Letter: Not there for the fun of it



The editorial published Jan. 30 about the nation-wide Women’s Marches left me unhappy. And, to borrow a phrase from the author, “you NEED to know about it.” Mr. Anker seems convinced that the millions women, including me, who protested across the nation on January were there for the fun of it. Though Mr. Anker does not demonstrate the ability to assimilate new knowledge, I’m happy to share the super-duper fun reasons I chose to march.

Firstly, the president has promised to repeal the ACA. I am an adult student who has returned for an advanced degree in my 30s and a part-time worker. Neither my university nor my job offers health insurance, so without the ACA I would likely be unable to afford a doctor visit.

Oh, and about that doctor? It’s my local Planned Parenthood clinic. No, Mr. Anker, I’m not spending your hard-earned tax dollars on birth control and abortions. I’m using PP for, amongst other things, cancer screenings. Both of my parents are cancer survivors. My mother’s ovarian cancer was caught early enough that she only required surgical intervention, not chemotherapy. Given the high genetic component in all kinds of cancers, I’m diligent about my health.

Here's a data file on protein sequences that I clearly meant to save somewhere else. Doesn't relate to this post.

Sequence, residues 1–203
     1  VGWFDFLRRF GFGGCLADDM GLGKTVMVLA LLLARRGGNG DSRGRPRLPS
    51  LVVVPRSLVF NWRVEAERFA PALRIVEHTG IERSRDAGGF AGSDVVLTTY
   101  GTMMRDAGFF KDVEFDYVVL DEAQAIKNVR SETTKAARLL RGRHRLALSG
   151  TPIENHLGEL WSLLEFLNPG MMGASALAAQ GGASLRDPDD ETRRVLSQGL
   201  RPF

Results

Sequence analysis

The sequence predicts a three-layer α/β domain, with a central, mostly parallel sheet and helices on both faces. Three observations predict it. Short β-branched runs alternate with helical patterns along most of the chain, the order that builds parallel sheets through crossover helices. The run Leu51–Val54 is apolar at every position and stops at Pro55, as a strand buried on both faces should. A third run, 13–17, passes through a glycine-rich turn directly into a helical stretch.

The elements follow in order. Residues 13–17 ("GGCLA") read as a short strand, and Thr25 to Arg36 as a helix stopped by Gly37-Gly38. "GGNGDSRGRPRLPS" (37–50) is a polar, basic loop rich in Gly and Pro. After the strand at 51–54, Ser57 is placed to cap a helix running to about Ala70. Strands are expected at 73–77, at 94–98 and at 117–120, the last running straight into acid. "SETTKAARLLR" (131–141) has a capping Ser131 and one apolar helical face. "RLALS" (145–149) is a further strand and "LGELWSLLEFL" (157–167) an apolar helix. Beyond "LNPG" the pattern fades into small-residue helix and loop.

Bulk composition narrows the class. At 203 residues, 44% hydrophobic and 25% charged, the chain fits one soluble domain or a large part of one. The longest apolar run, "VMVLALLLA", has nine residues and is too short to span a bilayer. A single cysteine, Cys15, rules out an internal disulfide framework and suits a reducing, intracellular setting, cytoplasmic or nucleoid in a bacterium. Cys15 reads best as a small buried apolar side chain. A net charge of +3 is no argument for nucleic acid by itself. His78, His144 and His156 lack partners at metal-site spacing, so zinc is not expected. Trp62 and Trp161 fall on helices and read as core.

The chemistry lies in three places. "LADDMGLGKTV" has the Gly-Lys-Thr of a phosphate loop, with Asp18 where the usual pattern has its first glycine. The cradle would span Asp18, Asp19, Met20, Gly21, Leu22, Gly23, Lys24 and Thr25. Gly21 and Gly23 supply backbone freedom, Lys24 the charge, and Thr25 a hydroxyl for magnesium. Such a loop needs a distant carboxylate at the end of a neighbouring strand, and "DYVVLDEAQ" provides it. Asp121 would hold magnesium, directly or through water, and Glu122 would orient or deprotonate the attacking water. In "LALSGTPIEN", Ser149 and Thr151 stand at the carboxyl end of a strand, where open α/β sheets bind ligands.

Those are MY reasons for marching, but I’m sure if you asked a dozen women, you’d get a dozen different ISTS, as you so magnanimously call them. There’s LGBTQI women whose former governor and current vice president has signed bills curtailing their rights. There’s the immigrant women, who, on the 21st, had no idea what was coming on the 27th. Just because you don’t understand the concerns these women were articulating doesn’t mean they aren’t real.

Finally, to your claim that all of us just “went home”? Of course we did. Are you honestly judging us for having to return to our responsibilities? We aren’t freeloading welfare cheats with hours of spare time since none of us are contributing to society in the same highly meaningful way YOU are. We’re students, teachers, line cooks, librarians and full-time mothers. We had to go home, because we have obligations. If I didn’t show up to class on Monday, my grades would’ve suffered. If I didn’t show up to my $10 an hour job, I wouldn’t have the money to buy groceries.

I went home after the march on the 21st. I did my schoolwork. I went to my job. And, on Sunday, I showed up at the airport with 1,000 of my fellow Hoosiers to protest the ineffective and unfair travel ban that affected so many legal U.S. residents, causing chaos and sowing dissent around the world. I’ll keep showing up, too, every single time this administration tries to threaten the rights or the safety of ANYONE in this country. And I suppose you’ll keep writing articles complaining about our hats and noise level.

Tristan Durst